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A sign outside a hospital gives directions to different entrances and parking areas.
A sign outside Saint Joseph Hospital in Denver. (John Ingold, The Colorado Sun)

Yesterday was supposed to be the day when the curtain lifted on the most momentous showdown yet for Gov. Jared Polis’ health policy initiatives — when hospitals and insurance companies would have gotten hauled into a public hearing to explain why their prices aren’t lower.

The showdown has to do with the Colorado Option, the Polis-backed, government-designed health insurance plan that private companies operating in the state are required to sell. Colorado Option plans are required to be sold at lower prices — for next year’s plans, those prices are supposed to be 10% below a company’s 2021 rates.

But most insurers have told state regulators they won’t be able to meet those targets, and those notices triggered the Colorado Option’s signature bit of regulatory theatrics: the public hearing where insurers and hospitals would have to explain themselves. At the end of the hearing, Colorado’s insurance commissioner could have ordered hospitals to lower their prices or limited how much insurers could keep for profits or to cover administrative expenses, an almost unprecedented flex of regulatory muscle.

Insurance company Cigna was supposed to go first, with hospitals from the Intermountain Healthcare, UCHealth and HealthONE systems all also being called to account in a rate-setting rumble scheduled for Tuesday. But it didn’t happen — at least not yet. Late last week, the hearing got postponed.

Here’s a quick explanation of what we know and what it all means.

Wait, Colorado Option, what is that?

The Colorado Option is one of Polis’ and legislative Democrats’ biggest achievements in health policy legislation in the past few years. It’s basically a way for the state to create a public option health insurance system without putting the state budget at risk.

Colorado Option plans have a standardized benefit design, meaning state regulators require them to all be built the same — the same services covered, the same copay structures, etc. — though specifics like which hospitals and doctors are included in-network will change. Insurers are required to sell the plans if they sell other plans in Colorado’s individual or small-group markets — those are places where people who shop for health insurance on their own or people who are buying a health plan for the employees of their small business, respectively, go to get coverage.

And, as previously mentioned, they also have to be sold at progressively lower prices — 10% below 2021 rates for next year and 15% below for 2025, after adjusting for inflation. The Colorado insurance commissioner can use some regulatory might to make those prices happen.

Booorrriiinnnggg

No, wait! This is actually really interesting for a few reasons.

First, though other states have implemented or are considering similar programs, Colorado’s is arguably the most aggressive. So that makes this a test case for systems that other states may want to set up.

Gov. Jared Polis delivers his big idea pitch about a state-level public option health insurance to the audience at The Colorado Sun’s Big Ideas 2020 Forum at the Cable Center on the University of Denver campus on Jan. 14, 2020. (Eric Lubbers, The Colorado Sun)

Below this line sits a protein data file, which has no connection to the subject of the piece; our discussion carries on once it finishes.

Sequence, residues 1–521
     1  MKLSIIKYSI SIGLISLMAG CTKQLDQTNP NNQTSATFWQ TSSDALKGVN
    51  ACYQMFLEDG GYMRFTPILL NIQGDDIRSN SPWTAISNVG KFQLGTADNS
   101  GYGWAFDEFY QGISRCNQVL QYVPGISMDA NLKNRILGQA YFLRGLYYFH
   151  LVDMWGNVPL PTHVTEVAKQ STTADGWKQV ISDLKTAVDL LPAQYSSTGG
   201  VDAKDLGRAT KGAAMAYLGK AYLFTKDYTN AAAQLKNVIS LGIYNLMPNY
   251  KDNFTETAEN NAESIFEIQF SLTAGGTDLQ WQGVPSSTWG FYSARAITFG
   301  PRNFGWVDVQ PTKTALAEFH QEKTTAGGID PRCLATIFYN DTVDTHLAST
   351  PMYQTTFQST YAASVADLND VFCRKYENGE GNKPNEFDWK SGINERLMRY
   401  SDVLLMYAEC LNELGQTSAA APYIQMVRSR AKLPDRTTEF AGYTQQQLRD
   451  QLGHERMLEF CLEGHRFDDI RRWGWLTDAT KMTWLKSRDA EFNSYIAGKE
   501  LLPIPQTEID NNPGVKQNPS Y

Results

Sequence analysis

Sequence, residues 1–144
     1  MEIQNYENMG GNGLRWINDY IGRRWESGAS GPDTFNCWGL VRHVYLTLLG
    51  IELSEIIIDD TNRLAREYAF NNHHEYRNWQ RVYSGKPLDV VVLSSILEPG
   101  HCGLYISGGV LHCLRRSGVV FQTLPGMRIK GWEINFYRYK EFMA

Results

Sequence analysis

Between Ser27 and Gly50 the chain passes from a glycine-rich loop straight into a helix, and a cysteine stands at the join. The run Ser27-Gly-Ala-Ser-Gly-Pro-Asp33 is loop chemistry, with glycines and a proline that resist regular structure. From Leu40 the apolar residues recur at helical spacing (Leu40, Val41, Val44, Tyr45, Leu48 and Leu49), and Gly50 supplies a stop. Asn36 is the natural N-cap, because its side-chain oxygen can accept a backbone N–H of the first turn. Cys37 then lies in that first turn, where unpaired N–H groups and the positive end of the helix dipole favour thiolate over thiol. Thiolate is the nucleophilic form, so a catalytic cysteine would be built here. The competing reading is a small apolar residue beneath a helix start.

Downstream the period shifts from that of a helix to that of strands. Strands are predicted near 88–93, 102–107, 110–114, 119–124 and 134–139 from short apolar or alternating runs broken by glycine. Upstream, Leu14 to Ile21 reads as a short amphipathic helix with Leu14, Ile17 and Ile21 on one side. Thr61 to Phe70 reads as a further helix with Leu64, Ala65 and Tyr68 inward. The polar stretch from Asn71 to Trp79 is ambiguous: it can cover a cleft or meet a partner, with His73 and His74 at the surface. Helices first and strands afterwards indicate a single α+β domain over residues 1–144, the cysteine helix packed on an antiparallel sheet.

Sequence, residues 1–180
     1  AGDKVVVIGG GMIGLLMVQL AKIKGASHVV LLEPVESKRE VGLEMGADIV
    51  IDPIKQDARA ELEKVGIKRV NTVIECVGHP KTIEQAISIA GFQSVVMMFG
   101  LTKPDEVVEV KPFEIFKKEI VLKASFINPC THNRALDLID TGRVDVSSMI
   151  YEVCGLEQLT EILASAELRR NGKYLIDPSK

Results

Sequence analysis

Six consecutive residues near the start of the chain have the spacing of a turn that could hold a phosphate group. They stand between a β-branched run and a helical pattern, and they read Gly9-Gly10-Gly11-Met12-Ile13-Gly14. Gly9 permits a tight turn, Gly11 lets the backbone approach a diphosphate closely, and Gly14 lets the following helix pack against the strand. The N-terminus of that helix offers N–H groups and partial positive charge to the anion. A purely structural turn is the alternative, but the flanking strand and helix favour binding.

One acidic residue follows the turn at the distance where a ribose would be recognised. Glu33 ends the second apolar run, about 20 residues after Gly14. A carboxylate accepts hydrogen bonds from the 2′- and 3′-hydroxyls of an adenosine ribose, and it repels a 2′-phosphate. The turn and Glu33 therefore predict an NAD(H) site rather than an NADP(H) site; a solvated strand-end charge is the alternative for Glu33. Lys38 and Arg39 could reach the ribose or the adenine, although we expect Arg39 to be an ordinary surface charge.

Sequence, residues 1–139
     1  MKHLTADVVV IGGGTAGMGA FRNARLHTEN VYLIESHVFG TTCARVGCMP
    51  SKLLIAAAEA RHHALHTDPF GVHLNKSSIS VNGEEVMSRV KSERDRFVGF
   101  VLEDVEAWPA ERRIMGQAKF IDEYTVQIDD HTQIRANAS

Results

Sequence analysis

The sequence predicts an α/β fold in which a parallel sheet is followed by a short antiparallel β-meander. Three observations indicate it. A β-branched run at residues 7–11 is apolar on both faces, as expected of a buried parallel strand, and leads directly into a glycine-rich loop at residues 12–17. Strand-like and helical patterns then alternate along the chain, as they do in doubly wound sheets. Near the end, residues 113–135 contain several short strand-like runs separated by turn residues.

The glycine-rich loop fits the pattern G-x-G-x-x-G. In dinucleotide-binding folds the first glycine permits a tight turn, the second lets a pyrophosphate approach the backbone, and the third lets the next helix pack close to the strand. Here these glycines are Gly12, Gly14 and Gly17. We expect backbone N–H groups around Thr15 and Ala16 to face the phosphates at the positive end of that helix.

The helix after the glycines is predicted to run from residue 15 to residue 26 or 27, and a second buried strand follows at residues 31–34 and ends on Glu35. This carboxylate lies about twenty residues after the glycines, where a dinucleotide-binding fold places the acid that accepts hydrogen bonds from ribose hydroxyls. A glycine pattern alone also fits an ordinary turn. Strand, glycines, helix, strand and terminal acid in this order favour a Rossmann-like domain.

Second, the program gives state regulators here an almost unheard of power — the ability to set hospital prices. So-called “rate setting” for hospitals has long been a goal of health system reform advocates who want to see the government take a stronger role in pushing down health care costs.

And, lastly, though Colorado Option plans are available only to a slice of Coloradans, supporters of the program hope that its benefits will percolate through the rest of the system. For instance, if insurers know that hospitals are willing to offer reduced prices for people on Colorado Option plans, it may encourage those insurers to negotiate a better deal for people employed by big companies.

The public hearings and the information they would reveal are key to all of this.

“The public hearings are really going to set the bar as far as what DOI expects to see for those finalized rates,” said Adam Fox, the deputy director of the Colorado Consumer Health Initiative, which supports the Colorado Option.

So, what’s the problem?

Insurers have said these pricing targets for Colorado Option plans are unachievable.

They give a number of arguments for why: They say the state isn’t calculating inflation in the right way, so it’s not allowing insurers to price in the actual increase in the cost of health care services. They say the benefits covered in the plans are too rich for the required prices. They say they can’t offer the plans at “actuarially sound” rates — in other words, they say they will go broke selling them.

“The public option law is deeply flawed,” Saskia Young, the executive director of the Colorado Association of Health Plans, an insurer trade group, wrote in a statement.

Proponents and opponents have been making these back-and-forth arguments for years. Proponents say the health care industry is raking in too much money at the expense of patients. Opponents say the other side doesn’t understand what it takes to run a health care business. Proponents say opponents are hiding their true finances behind complicated systems and well-appointed lobbying teams. Opponents say what the other side is proposing is unsustainable.

The public hearings were going to help clarify this debate. 

OK, you have my attention. Why did Tuesday’s health policy Thunderdome get canceled?

Well, if you read the filings leading up to the public hearings (which you can, right here), the process comes across like litigation. And, as with most litigation barreling toward trial, there was a settlement.

The first hearing involved Cigna, which said it couldn’t meet the price targets for most of its plans. Cigna’s hearing was slated to be extra interesting because it was the one insurer this year that blamed hospitals, in part, for not being able to reach those targets. Cigna cited three hospitals owned by Intermountain Healthcare (which used to be SCL Health in Colorado).

The Division of Insurance added its own complaint to the mix, pulling in some UCHealth and HealthONE hospitals. So that set the battle lines: The commissioner of insurance was going to decide if he should order those hospitals to reduce the prices they charged Cigna to treat Colorado Option patients.